Please note that the poems and essays on this site are copyright and may not be reproduced without the author's permission.

Saturday 5 March 2011

George Mattingly: Driving


Three male Tule Elk (Cervus canadiensis, subsp. nannodes), standing in heavy fog along Tomales Point Trail, Point Reyes National Seashore: photo by Wing-Chi Poon, 2008




purple ceanothus

in singular fog

voices advertising trust

round sharp curve

just a second

for life

to straighten

and pass.

Ceanothus thyrsiflorus, Real Jardin Botánico, Madrid: photo by A. Barra, 2004

Ceanothus jepsonii
var. jepsonii, Pine Mountain Fire Road, Marin County, California: photo by Eric from SF, 26 February 2011

George Mattingly: Driving, from Ten Poems, 1999




Johnny & I took that hike out the Pierce Point Trail last year, and there they were -- those Tule Elk, not in fog that day but bright windy blue, "just a second/ for life/ to straighten/ and pass". . . .


first grey light in sky above blackness
of ridge, silver of planet next to leaf
in foreground, wave sounding in channel

in brackets, interchange in
which the second kind

of motion, this in addition
to physical fact, etc.

silver of sunlight reflected in channel,
shadowed green slope of ridge across it

Lally said...

What a pleasure to see Mattingly among your many splendid and generous nods to other poets Tom. Thanks.

TC said...

Thank you Steve and Mike, Praise be the Tule Elk and Praise be George... and not forgetting the Paradox Purpose persuasion purple ceanothus, surely the most lovely strain of that ubiquitous flower.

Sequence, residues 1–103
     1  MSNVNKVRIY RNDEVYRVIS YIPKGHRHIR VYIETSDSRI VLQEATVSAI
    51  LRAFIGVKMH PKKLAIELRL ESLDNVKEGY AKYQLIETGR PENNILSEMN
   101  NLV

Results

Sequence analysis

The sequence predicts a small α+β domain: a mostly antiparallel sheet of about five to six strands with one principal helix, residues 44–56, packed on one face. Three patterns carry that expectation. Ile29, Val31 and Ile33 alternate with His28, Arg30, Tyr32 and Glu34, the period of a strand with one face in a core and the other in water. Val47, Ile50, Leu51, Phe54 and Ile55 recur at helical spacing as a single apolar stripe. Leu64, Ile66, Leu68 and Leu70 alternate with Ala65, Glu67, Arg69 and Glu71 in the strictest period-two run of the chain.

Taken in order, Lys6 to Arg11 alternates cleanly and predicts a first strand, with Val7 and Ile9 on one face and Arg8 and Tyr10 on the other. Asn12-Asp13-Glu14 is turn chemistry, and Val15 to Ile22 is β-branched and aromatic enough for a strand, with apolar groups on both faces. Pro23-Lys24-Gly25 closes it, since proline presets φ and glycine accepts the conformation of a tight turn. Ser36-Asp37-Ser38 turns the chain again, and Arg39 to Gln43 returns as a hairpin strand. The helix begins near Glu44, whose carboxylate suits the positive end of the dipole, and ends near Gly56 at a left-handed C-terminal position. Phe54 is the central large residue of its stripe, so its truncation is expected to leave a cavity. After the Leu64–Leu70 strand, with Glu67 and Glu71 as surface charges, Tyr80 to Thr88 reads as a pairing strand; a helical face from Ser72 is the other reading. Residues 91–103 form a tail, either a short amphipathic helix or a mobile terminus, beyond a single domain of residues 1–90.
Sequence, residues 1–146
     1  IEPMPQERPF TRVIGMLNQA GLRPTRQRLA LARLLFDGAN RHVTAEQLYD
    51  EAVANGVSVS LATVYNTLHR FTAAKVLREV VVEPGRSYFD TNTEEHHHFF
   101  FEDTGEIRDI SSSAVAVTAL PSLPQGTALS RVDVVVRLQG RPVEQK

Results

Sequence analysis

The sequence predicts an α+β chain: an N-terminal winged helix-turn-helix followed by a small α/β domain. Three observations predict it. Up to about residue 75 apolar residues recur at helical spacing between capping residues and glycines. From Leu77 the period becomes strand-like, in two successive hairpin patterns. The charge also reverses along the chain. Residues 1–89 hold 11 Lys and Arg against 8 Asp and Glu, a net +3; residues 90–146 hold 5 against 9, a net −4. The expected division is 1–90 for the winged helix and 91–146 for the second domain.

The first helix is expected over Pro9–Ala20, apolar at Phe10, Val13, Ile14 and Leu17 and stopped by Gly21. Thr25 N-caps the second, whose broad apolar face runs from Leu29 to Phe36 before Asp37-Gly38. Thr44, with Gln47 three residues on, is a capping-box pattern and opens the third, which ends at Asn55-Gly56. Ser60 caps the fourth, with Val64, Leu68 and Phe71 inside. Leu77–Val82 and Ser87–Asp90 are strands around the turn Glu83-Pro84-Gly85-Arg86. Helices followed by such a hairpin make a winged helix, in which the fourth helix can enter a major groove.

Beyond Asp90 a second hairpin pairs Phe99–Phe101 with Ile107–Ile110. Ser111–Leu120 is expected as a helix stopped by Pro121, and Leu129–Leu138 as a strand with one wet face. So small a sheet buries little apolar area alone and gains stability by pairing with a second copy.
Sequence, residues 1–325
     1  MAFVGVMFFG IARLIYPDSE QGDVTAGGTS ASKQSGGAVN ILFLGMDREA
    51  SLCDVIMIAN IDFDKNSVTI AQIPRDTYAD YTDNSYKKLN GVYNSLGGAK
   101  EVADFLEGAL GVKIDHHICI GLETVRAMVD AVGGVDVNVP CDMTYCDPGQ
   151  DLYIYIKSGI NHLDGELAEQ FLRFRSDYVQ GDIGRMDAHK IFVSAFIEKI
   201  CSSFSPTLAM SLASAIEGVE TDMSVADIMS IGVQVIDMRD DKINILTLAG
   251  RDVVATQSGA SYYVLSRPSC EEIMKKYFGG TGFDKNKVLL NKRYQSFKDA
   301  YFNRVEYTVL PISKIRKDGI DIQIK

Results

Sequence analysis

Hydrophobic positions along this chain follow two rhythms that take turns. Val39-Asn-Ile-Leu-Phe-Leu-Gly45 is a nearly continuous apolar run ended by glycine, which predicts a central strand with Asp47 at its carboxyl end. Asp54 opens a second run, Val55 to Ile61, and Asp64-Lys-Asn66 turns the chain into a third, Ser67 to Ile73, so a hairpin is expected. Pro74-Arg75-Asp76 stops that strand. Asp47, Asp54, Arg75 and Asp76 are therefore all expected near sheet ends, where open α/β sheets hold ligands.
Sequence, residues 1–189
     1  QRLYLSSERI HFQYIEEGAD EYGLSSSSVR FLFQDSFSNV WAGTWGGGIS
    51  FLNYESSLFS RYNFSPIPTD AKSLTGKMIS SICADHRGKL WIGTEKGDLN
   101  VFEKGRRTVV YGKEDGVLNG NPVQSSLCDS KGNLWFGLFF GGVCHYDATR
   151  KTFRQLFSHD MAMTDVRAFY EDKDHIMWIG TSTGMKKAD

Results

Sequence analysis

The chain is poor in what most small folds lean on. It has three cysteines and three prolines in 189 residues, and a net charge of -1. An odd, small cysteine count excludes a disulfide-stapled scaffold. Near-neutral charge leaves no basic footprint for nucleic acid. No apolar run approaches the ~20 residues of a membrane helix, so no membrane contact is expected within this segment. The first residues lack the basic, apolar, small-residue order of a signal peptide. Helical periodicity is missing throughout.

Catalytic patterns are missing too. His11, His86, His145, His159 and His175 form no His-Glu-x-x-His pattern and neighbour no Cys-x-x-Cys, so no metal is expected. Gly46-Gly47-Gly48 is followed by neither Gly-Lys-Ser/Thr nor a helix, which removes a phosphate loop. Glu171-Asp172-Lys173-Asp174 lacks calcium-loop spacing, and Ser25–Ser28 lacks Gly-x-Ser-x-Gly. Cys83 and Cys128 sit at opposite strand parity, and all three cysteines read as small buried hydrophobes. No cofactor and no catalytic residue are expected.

that's the atmosphere I saw this morning with the thought "the end of the world happened before we were born"

TC said...


I definitely think you're on to something, with that thought.

(By the by, George reports the Tule Elk are appropriate, as the driving was up in that direction -- toward Stinson, to be precise.)

Anonymous said...

It has been very enjoyable today running around with George Mattingly's poem and these images in my head, running them over and over during the day. Unlike others who have commented, I'm unfamiliar with Mattingly's poetry and would very probably have responded differently to it if I hadn't encountered it on Beyond The Pale. The elks, the words and Steve's poem (really wonderful) are all important to me.



Maybe more about that thought will come the next time there's "just a second/ for life/ to straighten/ and pass" but those moments seem decades apart for some of us non-Tule-Elk spirits. Still I was only toward Stinson once.

Here they have "Hamanassett" and I hope to visit Jane Kenyon's grave


Tom and All,

The Tule Elk will be in out there in the fog/rain today, along w/ everything else this morning - - -


grey white rain cloud against invisible
ridge, silver of drop falling from leaf
in foreground, sound of wave in channel

this distant echo of effect,
“inverted perspective”

painted, picture of surface
visual, tilt of plane

silver of sunlight reflected in channel,
shadowed canyon of ridge across from it

TC said...

For those who might not have known, in addition to being an excellent poet, George is a genius designer; he and his wife Lucy do Blue Wind Press.